Under the Microscope –
By Glynn Wilson –
Out of the mud on the banks of “the singing” Tennessee River in North Alabama, during a time of racial strife across the land in the late 1950s and ’60s, there came a sound so funky and soulful that it transformed Rhythm and Blues and helped create Rock ‘n Roll. The Muscle Shoals sound launched so many successful music careers that is now the subject of a documentary anyone with an interest in knowing the roots of American music should not just see and hear but devoir more than once.
While the crew at Magnolia Pictures deserves credit for putting this story together in a complete and compelling way, with some amazing cinematography shot in the area and interviews with some of the greatest musicians of all time who were influenced and propelled to stardom after recording in Muscle Shoals, the people of Alabama should not just watch this film for the history and the entertainment value alone.
Much like a story I recently told about the 1964 Birmingham Barons, this is a story about how a determination born of poverty and hardship, along with early examples of the black and white races working together in the face of overwhelming political opposition, come together to create something so creative and new that success almost became inevitable. Viewed from a social scientific perspective, this was evolution in a very real since you can see happening on screen in the film.
Like the movie Lincoln tells the story of how slavery was ended on American soil for all time, the Muscle Shoals documentary carries a lesson for anyone with an ear who can hear.
The film explores social elements converging in the region at the time. While the Civil Rights struggle was being waged down the road in Birmingham and Selma, FAME studios founder Rick Hall brought black and white musicians together in a little studio by a cotton field and created a whole new kind of music as rich and important as anything created in London, New York, Los Angeles or Detroit.
“There’s beautiful things out there, and magical things,” filmmaker Greg ‘Freddy’ Camalier said after making his first movie about the place and its music. “This place, for whatever reason, just emanated music and had a certain energy to it. It seems to have emanated that for a long time, and I think that was obviously complimented by driven people.”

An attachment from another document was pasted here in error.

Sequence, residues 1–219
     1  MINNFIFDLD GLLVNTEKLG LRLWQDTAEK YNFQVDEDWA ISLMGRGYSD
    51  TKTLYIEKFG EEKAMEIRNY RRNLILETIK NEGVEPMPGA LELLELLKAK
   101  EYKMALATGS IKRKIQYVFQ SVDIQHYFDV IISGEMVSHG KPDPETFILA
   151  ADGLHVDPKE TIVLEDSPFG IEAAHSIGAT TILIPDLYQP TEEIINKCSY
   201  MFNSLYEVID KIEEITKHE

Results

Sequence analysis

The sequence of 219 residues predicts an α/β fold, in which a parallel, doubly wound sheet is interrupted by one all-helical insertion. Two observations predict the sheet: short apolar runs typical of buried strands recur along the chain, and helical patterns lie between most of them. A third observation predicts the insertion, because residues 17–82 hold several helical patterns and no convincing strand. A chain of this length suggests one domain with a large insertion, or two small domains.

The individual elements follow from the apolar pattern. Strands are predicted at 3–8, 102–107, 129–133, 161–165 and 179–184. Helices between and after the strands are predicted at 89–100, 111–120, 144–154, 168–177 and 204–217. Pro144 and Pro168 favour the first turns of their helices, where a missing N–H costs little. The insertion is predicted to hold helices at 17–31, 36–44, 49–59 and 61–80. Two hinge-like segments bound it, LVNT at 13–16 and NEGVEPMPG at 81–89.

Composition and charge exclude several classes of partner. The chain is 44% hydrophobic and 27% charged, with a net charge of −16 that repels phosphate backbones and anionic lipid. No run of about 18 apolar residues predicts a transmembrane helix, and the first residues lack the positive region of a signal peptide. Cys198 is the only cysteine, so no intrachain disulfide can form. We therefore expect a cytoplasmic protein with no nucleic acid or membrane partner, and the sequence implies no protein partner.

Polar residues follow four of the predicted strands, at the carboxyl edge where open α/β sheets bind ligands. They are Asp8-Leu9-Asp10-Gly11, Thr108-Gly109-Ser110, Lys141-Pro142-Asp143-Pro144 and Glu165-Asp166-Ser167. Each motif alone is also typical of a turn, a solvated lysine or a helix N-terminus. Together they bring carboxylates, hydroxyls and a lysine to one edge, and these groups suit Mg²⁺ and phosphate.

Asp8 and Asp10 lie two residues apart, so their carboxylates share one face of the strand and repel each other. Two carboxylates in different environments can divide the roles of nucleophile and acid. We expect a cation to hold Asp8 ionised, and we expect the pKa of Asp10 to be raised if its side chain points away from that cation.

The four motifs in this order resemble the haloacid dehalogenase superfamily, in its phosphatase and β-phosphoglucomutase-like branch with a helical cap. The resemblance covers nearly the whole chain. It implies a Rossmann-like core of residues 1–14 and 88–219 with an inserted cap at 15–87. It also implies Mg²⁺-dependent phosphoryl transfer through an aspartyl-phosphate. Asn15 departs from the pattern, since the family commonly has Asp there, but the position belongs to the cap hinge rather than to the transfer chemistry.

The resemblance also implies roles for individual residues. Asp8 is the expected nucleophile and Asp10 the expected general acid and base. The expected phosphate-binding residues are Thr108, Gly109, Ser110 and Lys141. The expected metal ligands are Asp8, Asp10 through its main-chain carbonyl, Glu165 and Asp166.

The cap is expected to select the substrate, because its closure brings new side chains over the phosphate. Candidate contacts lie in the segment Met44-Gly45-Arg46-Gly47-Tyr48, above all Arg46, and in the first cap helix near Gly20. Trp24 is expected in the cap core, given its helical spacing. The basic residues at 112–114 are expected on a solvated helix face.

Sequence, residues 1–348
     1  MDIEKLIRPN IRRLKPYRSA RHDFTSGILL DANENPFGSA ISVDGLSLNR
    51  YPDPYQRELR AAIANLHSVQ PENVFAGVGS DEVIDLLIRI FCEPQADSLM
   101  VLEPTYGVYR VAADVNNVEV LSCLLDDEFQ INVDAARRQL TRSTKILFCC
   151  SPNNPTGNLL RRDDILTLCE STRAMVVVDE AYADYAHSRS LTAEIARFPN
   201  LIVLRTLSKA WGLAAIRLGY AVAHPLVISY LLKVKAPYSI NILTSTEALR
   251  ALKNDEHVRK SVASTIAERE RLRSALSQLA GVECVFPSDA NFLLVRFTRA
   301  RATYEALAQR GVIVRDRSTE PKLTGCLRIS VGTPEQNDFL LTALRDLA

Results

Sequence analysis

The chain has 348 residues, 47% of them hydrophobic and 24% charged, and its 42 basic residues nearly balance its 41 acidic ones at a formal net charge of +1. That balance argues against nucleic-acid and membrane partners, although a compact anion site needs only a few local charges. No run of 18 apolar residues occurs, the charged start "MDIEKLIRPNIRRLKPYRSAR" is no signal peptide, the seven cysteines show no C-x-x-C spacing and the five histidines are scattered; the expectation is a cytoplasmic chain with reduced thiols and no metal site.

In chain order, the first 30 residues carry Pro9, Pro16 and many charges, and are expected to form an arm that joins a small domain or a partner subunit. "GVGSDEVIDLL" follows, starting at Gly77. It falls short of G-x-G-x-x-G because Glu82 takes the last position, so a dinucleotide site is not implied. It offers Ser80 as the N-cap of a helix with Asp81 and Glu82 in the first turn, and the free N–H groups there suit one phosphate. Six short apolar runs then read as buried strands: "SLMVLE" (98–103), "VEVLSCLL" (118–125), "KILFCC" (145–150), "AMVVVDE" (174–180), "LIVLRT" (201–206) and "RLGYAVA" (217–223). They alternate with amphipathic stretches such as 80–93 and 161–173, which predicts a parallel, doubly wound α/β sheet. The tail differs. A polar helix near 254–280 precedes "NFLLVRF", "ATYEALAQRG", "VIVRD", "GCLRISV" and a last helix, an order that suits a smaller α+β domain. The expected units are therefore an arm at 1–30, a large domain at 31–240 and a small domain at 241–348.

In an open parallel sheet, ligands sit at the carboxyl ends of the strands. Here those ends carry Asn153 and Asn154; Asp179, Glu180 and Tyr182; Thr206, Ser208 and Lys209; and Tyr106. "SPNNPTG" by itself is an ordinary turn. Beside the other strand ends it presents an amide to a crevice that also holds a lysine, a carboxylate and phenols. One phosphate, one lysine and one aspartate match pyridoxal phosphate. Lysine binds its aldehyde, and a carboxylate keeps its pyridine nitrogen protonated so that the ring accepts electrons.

After directing and producing the film, now premiering in theaters across the country, on the Web and on cable on demand, Camalier came to see the significance of the place coming about as the result of a serendipitous fusion.
“The coming together of races at that time, as well as the landscape and this rural, beautiful town, as well as the singing river, as well as these incredible characters and all the other musicians down there — it all sort of came together,” Camalier says about the phenomenon.
One of the key interviews that sets up the story is not with one of the famous musicians from The Rolling Stones or Lynyrd Skynard, but with a man calling himself The Stone Talker, Tom Hendrix. He tells the story of his great-great grandmother, a native American medicine woman named Teh-la-nay who was rounded up by President Andrew Jackson’s men in the 1830s and sent to Oklahoma on the Trail of Tears. She escaped and walked for five years all the way back to Alabama, because none of the rivers in Oklahoma could sing like the Tennessee, as the story has been passed down over the generations. Her people, the Euchee Indians, believed there was a female spirit living in the river who sang them songs.
But the music of the place would never have been produced, recorded or discovered if not for the driven FAME studios founder Rick Hall, whose story of overcoming crushing poverty, staggering tragedies and frustrating rejection is central to the success of the music. The documentary leaves no doubt that he is critical to the creation of what came to be known the world over as “the Muscle Shoals sound,” along with the house band he brought together who later came to be called “The Swampers.” Bass player David Hood, drummer Roger Hawkins and guitar player Jimmy Johnson made up the original trio. They split with Hall in 1964 and created a new studio called Muscle Shoals Sound, where they teamed up with Atlantic Records’ Jerry Wexler to create hit after hit and transform Rock ‘n’ Roll.